The debate over which piece of blockchain land to purchase went in a variety of unexpected directions. In mid-October, when discussions over new land parcels began to intensify, DAO members began to think about a previously-thought-of idea. Purchase Kanye West’s 3,888-acre Wyoming ranch worth $11million or about 3000 ETC. “Currently it is unclear what we will do with the property,” said the original poster. The posters also mentioned it was because Kanye is unpredictable.

Civic management is key. Will all residents be citizens? And do all citizens have to be residents?

CityDAO responsibilities.

DAOs are recognized as general partnerships. So every member of a DAO is potentially responsible for any debts or any legal proceedings through the DAO. The main benefit Wyoming DAOs get is an insurance policy that shields members from lawsuits. And recognizes the community as a business entity.

The law also differentiates between two kinds of DAOs, namely those that are run by members, and those “managed” with algorithms. The former is just an LLC, where the DAO determines who is responsible for different roles within the company. An algorithmic DAO has no clear legal status. However, any DAO already controlled by an intelligent contract can be registered whatever the terms of the contract are.

One Coindesk editorial offers a positive outlook regarding DAOs and their regulations. They are currently formally establishing DAOs legally recognized status.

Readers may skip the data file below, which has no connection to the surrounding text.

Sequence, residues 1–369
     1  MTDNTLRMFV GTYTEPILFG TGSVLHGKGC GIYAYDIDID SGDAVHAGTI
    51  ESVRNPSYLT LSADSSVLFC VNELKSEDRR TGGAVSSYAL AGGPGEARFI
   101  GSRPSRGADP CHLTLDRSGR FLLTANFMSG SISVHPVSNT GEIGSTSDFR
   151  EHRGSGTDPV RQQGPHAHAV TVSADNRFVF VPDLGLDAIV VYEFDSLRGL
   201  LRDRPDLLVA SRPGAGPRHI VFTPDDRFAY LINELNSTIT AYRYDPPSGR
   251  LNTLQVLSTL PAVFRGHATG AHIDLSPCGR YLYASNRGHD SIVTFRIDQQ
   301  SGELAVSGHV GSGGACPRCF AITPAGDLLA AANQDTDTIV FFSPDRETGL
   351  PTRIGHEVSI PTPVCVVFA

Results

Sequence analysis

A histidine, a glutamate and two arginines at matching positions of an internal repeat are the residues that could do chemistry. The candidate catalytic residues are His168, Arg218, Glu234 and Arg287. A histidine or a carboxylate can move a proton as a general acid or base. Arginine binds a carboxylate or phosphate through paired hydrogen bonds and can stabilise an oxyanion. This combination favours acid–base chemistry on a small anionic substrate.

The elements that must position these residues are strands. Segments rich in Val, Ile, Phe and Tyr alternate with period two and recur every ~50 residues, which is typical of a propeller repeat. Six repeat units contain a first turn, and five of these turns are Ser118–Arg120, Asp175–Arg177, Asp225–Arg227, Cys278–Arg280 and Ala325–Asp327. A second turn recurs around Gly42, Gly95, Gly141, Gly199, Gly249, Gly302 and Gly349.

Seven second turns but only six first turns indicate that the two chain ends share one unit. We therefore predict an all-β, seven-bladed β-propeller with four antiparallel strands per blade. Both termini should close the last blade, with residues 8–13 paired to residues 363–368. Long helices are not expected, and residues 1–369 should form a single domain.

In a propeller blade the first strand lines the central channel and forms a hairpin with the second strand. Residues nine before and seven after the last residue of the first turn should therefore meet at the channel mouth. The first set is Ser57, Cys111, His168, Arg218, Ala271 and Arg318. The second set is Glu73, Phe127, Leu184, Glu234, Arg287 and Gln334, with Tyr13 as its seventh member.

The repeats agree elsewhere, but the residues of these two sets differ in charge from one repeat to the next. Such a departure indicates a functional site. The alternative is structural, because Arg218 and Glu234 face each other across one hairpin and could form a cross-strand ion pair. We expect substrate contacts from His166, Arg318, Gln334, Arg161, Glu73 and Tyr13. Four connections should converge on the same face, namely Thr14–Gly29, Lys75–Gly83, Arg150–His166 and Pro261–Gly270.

“For instance, we are anticipating Wyoming adopting legislation in the near future — which will legalize DAO structures within corporations trusts, foundations, trusts as well as other corporate entities,” writes Andrew Bull. “The Wyoming DAO Law not only safeguards the stakeholders of the business. But also permits the traditional judiciary system. To examine and confirm the legitimacy of blockchain-based transactions as well as smart contracts. Valid documents that ownership or transfer.”

The past has proven that decentralization and digitization by themselves don’t instantly make a difference to the operation and politics of the system. Indeed digitizing public services could (and can) frequently take these services away. And turn them into investment vehicles that seek to make money. That slowly reduce the coverage, limit access, and also increase the cost of services.

Image Credit: Lukas Kloeppel; Pexels; Thank you!

About ReadWrite’s Editorial Process

The ReadWrite Editorial policy involves closely monitoring the tech industry for major developments, new product launches, AI breakthroughs, video game releases and other newsworthy events. Editors assign relevant stories to staff writers or freelance contributors with expertise in each particular topic area. Before publication, articles go through a rigorous round of editing for accuracy, clarity, and to ensure adherence to ReadWrite's style guidelines.

Brad Anderson
Former editor

Brad is the former editor who oversaw contributed content at ReadWrite.com. He previously worked as an editor at PayPal and Crunchbase.